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What is Fascia & Why Should You Care?

August 9, 2017

 

In my training to become a certified massage therapist and even before that when I attended college, I had to take several biology and anatomy classes. I've been tested on the origin and insertion of muscles, the function of all the organ systems, how to identify skin conditions...but not once during that time was I educated on the importance of the fascia within our body. Chances are this is true of most healthcare professionals you've come into contact with which is very unfortunate because they are missing a huge piece of the puzzle when it comes to resolving chronic pain and dysfunction. 

 

The fascia is the connective tissue that essentially holds our body together. If you've ever prepared a chicken breast you've seen the thin layer of tissue that covers the meat. That is fascia and we have this tissue all throughout our bodies. It is one continuous, three dimensional web of tissue that surrounds every single structure within our bodies; every muscle, every bundle of muscle fibers, every individual fiber and every cell is completely covered by fascia. This is also true for every organ, nerve, and blood vessel. 

 

The significance of this is that the fascia is where the tendency to brace comes from. When we talk about "holding our tension" we don't actually hold it in our muscles, which is why we go get a massage and it might feel good in the moment and we might even feel some relief for a few days, but then our pain just comes right back. What is described as "holding our tension" is actually the fascia responding to a stressor or a trauma to the body. This could be anything from emotional stress to a car accident to a birthing injury to a surgery you had twenty years ago. Whatever it is, the fascia's job is to protect the body by going into the "freeze response" to stress, causing the ground substance of the fascia to dehydrate which will then potentially put up to 2,000 pounds of force per square inch on muscles, bones, nerves etc. 

 

Yes. 2,000 pounds. Per square inch. 

 

Imagine you get rear ended, your head snaps forward and you have a whiplash injury and the fascia braces and won't let go. If it feels like a horse is sitting on your shoulders, locking up your neck and pulling down on your skull... there might as well be one.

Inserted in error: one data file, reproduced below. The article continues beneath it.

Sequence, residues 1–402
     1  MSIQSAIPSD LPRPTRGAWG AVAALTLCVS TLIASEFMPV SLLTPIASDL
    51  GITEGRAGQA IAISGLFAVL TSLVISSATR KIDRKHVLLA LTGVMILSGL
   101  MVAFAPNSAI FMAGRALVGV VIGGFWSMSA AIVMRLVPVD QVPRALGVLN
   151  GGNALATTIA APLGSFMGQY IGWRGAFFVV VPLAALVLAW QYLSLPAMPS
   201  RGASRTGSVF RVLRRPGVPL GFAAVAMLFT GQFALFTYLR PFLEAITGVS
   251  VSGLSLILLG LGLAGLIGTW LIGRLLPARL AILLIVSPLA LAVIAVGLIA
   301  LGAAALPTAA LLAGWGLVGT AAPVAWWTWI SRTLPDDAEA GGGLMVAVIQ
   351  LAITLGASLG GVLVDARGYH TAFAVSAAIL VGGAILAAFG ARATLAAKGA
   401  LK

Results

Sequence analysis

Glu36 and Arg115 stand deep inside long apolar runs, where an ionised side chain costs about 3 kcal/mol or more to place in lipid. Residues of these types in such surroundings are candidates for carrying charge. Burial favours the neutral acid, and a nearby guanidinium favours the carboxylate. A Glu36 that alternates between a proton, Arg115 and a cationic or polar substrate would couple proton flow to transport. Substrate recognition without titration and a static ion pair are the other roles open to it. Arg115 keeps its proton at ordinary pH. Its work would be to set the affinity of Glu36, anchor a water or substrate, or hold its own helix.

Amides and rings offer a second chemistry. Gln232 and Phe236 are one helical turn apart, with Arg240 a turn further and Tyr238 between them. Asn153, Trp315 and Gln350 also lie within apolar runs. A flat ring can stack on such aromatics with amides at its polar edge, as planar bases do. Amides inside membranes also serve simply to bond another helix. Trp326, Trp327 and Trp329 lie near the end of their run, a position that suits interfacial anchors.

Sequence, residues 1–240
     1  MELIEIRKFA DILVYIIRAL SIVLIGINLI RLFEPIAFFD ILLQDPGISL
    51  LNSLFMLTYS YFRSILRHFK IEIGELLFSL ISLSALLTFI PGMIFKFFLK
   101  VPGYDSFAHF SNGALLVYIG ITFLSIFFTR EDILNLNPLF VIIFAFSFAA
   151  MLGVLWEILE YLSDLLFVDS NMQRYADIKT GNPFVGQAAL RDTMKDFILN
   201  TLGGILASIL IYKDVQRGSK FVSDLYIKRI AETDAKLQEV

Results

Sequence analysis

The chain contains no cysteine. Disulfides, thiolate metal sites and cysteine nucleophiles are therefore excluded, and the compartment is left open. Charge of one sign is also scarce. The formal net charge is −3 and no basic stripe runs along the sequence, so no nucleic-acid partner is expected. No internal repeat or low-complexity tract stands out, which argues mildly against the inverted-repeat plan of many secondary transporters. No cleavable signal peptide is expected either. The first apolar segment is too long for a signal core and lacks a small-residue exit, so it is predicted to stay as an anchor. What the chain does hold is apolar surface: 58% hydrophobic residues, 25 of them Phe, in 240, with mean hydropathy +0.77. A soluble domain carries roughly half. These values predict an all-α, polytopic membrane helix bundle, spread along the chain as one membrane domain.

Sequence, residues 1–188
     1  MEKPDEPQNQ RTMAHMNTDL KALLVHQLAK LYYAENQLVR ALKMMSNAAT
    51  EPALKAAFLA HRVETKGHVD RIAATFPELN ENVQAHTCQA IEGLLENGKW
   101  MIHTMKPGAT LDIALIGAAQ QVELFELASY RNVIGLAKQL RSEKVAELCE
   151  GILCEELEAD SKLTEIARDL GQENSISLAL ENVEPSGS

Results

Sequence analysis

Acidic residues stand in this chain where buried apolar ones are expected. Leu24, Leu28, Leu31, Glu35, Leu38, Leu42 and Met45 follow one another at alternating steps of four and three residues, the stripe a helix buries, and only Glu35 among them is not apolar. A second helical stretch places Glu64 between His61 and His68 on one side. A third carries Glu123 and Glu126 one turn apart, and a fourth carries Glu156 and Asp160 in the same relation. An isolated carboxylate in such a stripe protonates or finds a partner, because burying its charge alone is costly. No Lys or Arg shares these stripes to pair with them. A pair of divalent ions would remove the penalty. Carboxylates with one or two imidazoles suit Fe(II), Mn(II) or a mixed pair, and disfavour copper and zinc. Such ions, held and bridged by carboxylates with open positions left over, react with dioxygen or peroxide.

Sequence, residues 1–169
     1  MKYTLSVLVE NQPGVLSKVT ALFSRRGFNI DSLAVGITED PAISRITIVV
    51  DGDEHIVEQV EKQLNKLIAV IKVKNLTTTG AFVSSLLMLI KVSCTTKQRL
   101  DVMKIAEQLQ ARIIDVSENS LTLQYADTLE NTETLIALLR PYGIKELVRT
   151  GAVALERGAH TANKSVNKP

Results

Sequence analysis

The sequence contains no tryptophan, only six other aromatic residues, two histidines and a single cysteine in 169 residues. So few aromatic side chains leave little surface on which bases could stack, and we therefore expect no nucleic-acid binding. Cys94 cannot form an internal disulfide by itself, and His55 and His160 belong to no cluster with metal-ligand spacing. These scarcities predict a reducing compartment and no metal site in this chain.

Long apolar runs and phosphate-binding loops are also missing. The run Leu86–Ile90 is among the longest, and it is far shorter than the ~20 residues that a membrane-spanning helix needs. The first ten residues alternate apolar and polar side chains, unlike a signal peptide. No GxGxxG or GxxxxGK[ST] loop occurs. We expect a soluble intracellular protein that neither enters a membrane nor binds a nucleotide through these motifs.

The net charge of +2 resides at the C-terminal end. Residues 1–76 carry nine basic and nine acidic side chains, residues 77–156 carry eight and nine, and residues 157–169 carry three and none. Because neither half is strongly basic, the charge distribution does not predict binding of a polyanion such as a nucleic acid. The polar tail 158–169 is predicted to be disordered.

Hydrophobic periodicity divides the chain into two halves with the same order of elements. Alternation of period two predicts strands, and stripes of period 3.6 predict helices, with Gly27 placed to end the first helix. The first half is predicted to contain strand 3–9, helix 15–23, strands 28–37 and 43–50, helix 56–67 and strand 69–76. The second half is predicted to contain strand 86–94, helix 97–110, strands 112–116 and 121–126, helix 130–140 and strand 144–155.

And the most unfortunate thing about this scenario is that fascial restrictions do not show up on an x-ray, an MRI, or any of the other tests that doctors use and so when all those tests come back normal, they say they can do nothing else but prescribe medication. But that isn't fixing the problem, is it? It's just masking it for 6-8 hours at a time. 

 

The John Barnes Approach to Myofascial Release has helped thousands of people free themselves from the fascial restrictions within their bodies. These restrictions are usually given labels like plantar fasciitis, fibromyalgia, TMJ, migraines, or even high blood pressure. But all of these diagnoses are ultimately just describing symptoms. The goal of myofascial release therapy is to find the cause of these symptoms, identify where the fascia has become restricted, and release it, taking the intense pressure off of the body and freeing it from pain and dysfunction. 

 

The John Barnes Approach to Myofascial Release uses gentle, sustained pressure to engage the barrier within the fascia, "unkinking the hose" and allowing the tissue to become hydrated, soft and fluid again. I never force or else the tissue will brace against me even more and every release is held for a minimum of five minutes giving the fascia time to fully let go. 

 

I've studied extensively under John F. Barnes, PT and have received treatment from him as well as many other excellent therapists for my own chronic pain and pelvic alignment issues and I can tell you from personal experience that myofascial release works! I have been practicing myself for four years and the last two years have been here in San Diego where I have treated numerous different diagnoses including chronic fatigue syndrome, TMJ, scoliosis, pelvic pain, sciatica, and scar tissue from surgery. If you are in pain, lacking range of motion, recovering from an injury or surgery or trying to avoid surgery altogether, I encourage you to consider trying myofascial release. 

 

"The worst that can happen is nothing." - John F. Barnes 

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